Since 2014, the NULab has offered funding for seedling grants, travel, and co-sponsorship of events related to digital humanities and computational social science. Seedling grants support pilot research to begin a longer-term research project. These grants have funded research assistants, data sets needed for research, access to tools and software, and travel costs for meetings that initiate, or further, a research project.

Travel grants support presentation of NULab-related research at conferences, or substantive NULab-relevant professional development opportunities such as workshops. Co-sponsorships are intended to support NULab-relevant speakers and events, ideally open to the public or bringing a multi-institutional or regional audience to NEU.

Below are the seedling and travel grants that the NULab has supported thus far, with links to more information wherever available. We will continue to update this space with the outcomes of more recently-funded grants, so check back for additional details.

 

Travel

2016

Jonathan Fitzgerald, Graduate Student, English—“What Made the Front Page in the 19th Century?: Computationally Classifying Genre in ‘Viral Texts’” at Keystone DH; “Vignettes: Micro-Fictions in the Nineteenth Century Newspaper” at American Literature Association Symposium

Syed Arefinul Haque, Graduate Student, Network Science—Complex System Summer School

Nicole Keller, Graduate Student, English—Digital Humanities Summer Institute

Gregory Palermo, Graduate Student, English—Workshop on Quantitative Text Analysis for the Humanities and Social Sciences, Brown University

Sarah Payne, Graduate Student, English—Digital Humanities Summer Institute

Bill Quinn, Graduate Student, English—Digital Humanities Summer Institute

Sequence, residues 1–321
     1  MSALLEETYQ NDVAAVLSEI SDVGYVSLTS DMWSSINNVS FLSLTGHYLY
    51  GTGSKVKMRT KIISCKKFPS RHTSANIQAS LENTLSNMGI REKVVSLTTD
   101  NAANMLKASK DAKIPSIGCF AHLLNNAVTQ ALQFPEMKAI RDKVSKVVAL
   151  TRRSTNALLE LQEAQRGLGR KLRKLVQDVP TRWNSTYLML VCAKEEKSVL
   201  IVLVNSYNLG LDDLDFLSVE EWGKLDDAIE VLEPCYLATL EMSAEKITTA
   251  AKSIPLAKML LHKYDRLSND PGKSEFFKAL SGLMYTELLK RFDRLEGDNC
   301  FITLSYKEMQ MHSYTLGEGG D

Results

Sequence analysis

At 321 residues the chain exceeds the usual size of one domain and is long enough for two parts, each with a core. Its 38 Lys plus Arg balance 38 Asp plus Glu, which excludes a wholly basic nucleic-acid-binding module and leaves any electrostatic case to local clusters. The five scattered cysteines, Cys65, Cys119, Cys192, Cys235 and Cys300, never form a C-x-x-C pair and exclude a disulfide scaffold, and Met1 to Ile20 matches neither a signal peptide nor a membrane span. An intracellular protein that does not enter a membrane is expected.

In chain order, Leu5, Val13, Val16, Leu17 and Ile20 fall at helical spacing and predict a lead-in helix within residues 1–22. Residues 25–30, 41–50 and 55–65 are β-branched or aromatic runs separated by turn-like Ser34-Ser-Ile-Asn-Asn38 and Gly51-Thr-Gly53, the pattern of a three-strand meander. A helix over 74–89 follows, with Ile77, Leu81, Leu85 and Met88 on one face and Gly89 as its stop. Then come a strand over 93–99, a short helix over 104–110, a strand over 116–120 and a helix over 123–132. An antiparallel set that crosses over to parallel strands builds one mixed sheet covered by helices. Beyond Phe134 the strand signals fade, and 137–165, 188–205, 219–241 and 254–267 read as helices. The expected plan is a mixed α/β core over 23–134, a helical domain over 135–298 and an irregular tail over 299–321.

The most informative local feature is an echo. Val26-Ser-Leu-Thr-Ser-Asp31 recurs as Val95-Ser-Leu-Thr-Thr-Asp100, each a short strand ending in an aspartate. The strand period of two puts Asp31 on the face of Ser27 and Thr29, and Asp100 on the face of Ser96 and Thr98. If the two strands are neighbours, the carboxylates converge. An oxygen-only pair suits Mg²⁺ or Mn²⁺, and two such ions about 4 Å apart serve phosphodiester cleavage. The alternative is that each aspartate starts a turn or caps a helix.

2015

Nicole Aljoe, Faculty, English—“‘The Memoir of Florence Hall’ (1820ca) and the Caribbean Slave Narrative Tradition” at Society of Early Americanists-Omohundro Institute

Dan Calacci, Lazer Lab—“Frame of Mind: Using Statistical Models for Detection of Framing and Agenda Setting Campaigns” at Association for Computational Linguistics

Jim McGrath, Graduate Student, English—Digital Humanities Summer Institute; “Crowdsourcing In Theory and Practice: Lessons from The Boston Bombing Digital Archive” at Keystone DH

Carolina Mattson, Graduate Student, Network Science—Santa Fe Institute’s Complex Systems Summer School

2014

Jim McGrath, Graduate Student, English—poster presentation on Our Marathon at Digital Humanities Conference 2014; poster presentation on DHQ at TEI Conference and Members Meeting

Projects

LA County Jail Oral History Archive—Joanne Afornalli, Graduate Student, English

Viral Texts—Ryan Cordell, Faculty, English

Early Caribbean Digital Archive—Team: Elizabeth Dillon, Faculty, English; Nicole Aljoe, Faculty, English; Ben Doyle, Graduate Student, English; Elizabeth Hopwood, Graduate Student, English

Margaret Fuller Transnational Archive: Mapping Topographies of Revolution—Team: Elizabeth Dillon, Faculty, English; Ryan Cordell, Faculty, English; Noelle Baker, independent scholar; Sonia Di Loreto, Faculty, Universita di Torino; Leslie Eckel, Faculty, Suffolk University

#HashtagActivism: Network Counterpublics in the Digital Age—Team: Moya Bailey, Postdoctoral Fellow, Women’s Gender and Sexuality Studies and Digital Humanities; Brooke Foucault Welles, Faculty, Communication Studies; Sarah Jackson, Faculty, Communication Studies

What Can Network Structure Tell Us About the Low-Skill Labor Market?—Walter McHugh, Graduate Student, Interdisciplinary Data Science

Art of Networks II at the New York Hall of Science—Isabel Meirelles, Faculty, Graphic Design

Upskilling during the Great Recession: Why Did Employers Demand Greater Skill and What are the Consequences?—Alicia Sasser-Modestino, Faculty, Public Policy and Urban Affairs and Economics

Networks of Coexistence: Explaining Variation in Cross-Ethnic Ties—Matthew Simonson, Graduate Student, Network Science

When Women Go to War—Matthew Simonson, Graduate Student, Network Science

(Re)Making/(Re)Marking: Rhetoric, Design, and Markup in the Writing Classroom—Kevin Smith, Graduate Student, English

Communication Science in the Digital Age, International Communication Association—Brooke Welles, Faculty, Communication Studies